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Car Shopping Checklist

Download a printable version

Hunting for cars can get complicated. Print this helpful worksheet and take it with you to the dealership. From asking about the car’s accident history to negotiating financing options, this checklist makes it easy to stay on track while shopping for a car.

1. Set a target price – Start by looking at your budget. Decide on a target price for your new car. This is the price you ideally want to spend on the car, not the maximum amount you can possibly afford. Along with the total amount you would like to spend, calculate how much you want to pay each month for a loan and how long you want your loan term to last. Knowing these figures can help you avoid a dealer’s attempt to sell you a more expensive car. You can estimate your auto loan options using this free calculator.

Target price: $____________
Monthly loan payment: $____________
Loan period: _____ months

2. Research car options – Take a few minutes to look online for cars that fit your price range. Sites like Consumer Reports and Kelly Blue Book provide a lot of free information about car features, rankings, and prices. You can also apply for online price quotes from dealers in your area using this free service. Look at the gas mileage and compare options for new and used cars. When you find a car that meets your needs, write the information down here along with the most important pros and cons:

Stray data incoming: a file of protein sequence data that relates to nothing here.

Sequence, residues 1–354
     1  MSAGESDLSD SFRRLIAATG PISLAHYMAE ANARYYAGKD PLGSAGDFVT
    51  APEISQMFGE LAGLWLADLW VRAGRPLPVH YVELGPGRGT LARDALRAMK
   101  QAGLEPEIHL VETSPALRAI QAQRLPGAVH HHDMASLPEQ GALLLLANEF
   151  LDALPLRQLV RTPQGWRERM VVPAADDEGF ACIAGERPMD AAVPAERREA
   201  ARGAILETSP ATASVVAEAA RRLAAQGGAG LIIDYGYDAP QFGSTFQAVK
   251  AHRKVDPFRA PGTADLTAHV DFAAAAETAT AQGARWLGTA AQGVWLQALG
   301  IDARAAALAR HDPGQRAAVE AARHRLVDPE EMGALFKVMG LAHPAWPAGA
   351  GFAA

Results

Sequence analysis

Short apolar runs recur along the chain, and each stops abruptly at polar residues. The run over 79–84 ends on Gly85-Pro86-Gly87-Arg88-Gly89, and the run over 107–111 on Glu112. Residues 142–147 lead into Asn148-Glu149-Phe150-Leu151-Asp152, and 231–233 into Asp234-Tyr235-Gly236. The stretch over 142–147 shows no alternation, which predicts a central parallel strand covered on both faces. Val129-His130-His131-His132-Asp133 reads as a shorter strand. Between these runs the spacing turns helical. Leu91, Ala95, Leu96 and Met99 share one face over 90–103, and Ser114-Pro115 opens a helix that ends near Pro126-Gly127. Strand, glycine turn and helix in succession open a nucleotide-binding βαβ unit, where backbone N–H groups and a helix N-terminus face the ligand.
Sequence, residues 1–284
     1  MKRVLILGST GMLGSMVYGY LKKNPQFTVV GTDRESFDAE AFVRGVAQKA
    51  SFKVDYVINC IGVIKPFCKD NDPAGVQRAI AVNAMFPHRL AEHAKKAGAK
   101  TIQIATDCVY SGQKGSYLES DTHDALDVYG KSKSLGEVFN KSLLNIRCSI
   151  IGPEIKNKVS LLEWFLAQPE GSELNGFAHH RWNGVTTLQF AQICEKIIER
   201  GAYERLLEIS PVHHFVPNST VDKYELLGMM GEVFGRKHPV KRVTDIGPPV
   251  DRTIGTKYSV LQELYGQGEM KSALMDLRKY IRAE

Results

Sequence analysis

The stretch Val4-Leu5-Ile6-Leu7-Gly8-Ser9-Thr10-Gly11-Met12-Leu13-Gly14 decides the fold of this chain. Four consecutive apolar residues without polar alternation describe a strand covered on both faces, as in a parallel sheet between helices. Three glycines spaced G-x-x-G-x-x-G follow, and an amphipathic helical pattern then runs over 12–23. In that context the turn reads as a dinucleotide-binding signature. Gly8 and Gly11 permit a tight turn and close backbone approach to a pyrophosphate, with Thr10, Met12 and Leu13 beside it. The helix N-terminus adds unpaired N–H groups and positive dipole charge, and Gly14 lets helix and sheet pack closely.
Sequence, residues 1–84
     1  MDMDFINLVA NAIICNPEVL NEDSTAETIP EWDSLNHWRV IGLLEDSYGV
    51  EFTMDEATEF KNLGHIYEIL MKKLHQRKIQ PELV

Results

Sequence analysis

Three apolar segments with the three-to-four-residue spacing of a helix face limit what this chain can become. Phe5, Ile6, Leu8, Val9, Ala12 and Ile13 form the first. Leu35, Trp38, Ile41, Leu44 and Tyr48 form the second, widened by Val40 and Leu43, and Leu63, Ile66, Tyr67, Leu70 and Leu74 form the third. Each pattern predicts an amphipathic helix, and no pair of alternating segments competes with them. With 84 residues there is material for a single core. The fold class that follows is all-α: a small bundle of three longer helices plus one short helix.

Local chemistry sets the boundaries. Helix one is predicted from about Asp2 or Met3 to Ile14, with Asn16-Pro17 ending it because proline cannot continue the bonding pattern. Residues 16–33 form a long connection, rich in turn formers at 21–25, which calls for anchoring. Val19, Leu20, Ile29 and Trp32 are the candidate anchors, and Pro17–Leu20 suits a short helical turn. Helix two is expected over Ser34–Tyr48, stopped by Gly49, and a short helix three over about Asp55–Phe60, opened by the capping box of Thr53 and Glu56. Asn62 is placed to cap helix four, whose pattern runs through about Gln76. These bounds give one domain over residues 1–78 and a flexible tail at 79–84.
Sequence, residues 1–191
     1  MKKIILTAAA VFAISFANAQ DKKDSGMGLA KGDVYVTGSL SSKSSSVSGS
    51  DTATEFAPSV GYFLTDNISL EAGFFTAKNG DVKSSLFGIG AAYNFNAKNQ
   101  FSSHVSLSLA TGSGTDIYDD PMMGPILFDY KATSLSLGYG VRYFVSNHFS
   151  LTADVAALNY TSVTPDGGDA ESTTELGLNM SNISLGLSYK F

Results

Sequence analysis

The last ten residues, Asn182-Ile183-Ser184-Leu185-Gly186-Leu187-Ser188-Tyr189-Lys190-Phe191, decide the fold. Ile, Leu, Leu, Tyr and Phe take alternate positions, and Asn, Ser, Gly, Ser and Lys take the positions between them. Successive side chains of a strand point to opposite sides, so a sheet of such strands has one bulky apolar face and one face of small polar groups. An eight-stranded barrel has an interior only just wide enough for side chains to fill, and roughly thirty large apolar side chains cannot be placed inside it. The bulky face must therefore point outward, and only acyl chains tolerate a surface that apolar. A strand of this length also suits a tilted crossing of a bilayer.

Name Manufacturer Listed Price Pros Cons
         
         
         
         
         

3. Start shopping – Visit your local dealers to test drive the cars that interest you. Don’t buy the car on your first visit; wait until you test-drive all of the potential contenders. Being determined not to buy on your first trip to the dealer will help you avoid high pressure sales tactics and will give you extra time to find the best deal. Investigate what deals the salesperson is willing to offer and take his or her business card with you for future reference. Ask for a CARFAX report to review the accident history of any used car. If the dealer declines, write down the VIN number so you can look it up online. If you find other cars that you may be interested in while you are shopping, add them to the list so that you can research them online at home. Make notes about the prices and features being offered for each car in the following chart:

Dealership Salesperson Dealer Price Pros Cons
         
         
         
         
         

4. Explore your financing options – While you think about which of the cars from Step 4 you should buy, start looking at financing options. First check your credit score to see where you stand. You’ll usually get the best car loan deal from a credit union or online lender instead of a dealer. Without actually applying, you can calculate your best option by using the lender’s online calculators. You can also call to ask about rates. Once you have found the best deal, apply for the loan. Most lenders will send a check for you to sign and give to the dealer when you buy your car. If you decide not to use the loan, you can destroy the check and notify the lender. Write down your loan terms here so you can compare them to a loan offered by the dealer:

Loan amount: $____________
Down payment: $____________
Interest rate: ________ %
Fees: $____________
Loan term: ________ months
Monthly payment: $____________

5. Negotiate and buy – Now that you have decided which car to buy and you have your loan, go back to the dealership and negotiate a good deal. Remember, you hold a lot of bargaining power at this point. You know exactly what car you want to buy and you have the loan ready to go. A salesperson would be crazy to let you walk away. Negotiate with the salesperson until you find a deal that works for you. Sign the papers, and congratulations! You just bought yourself a car!

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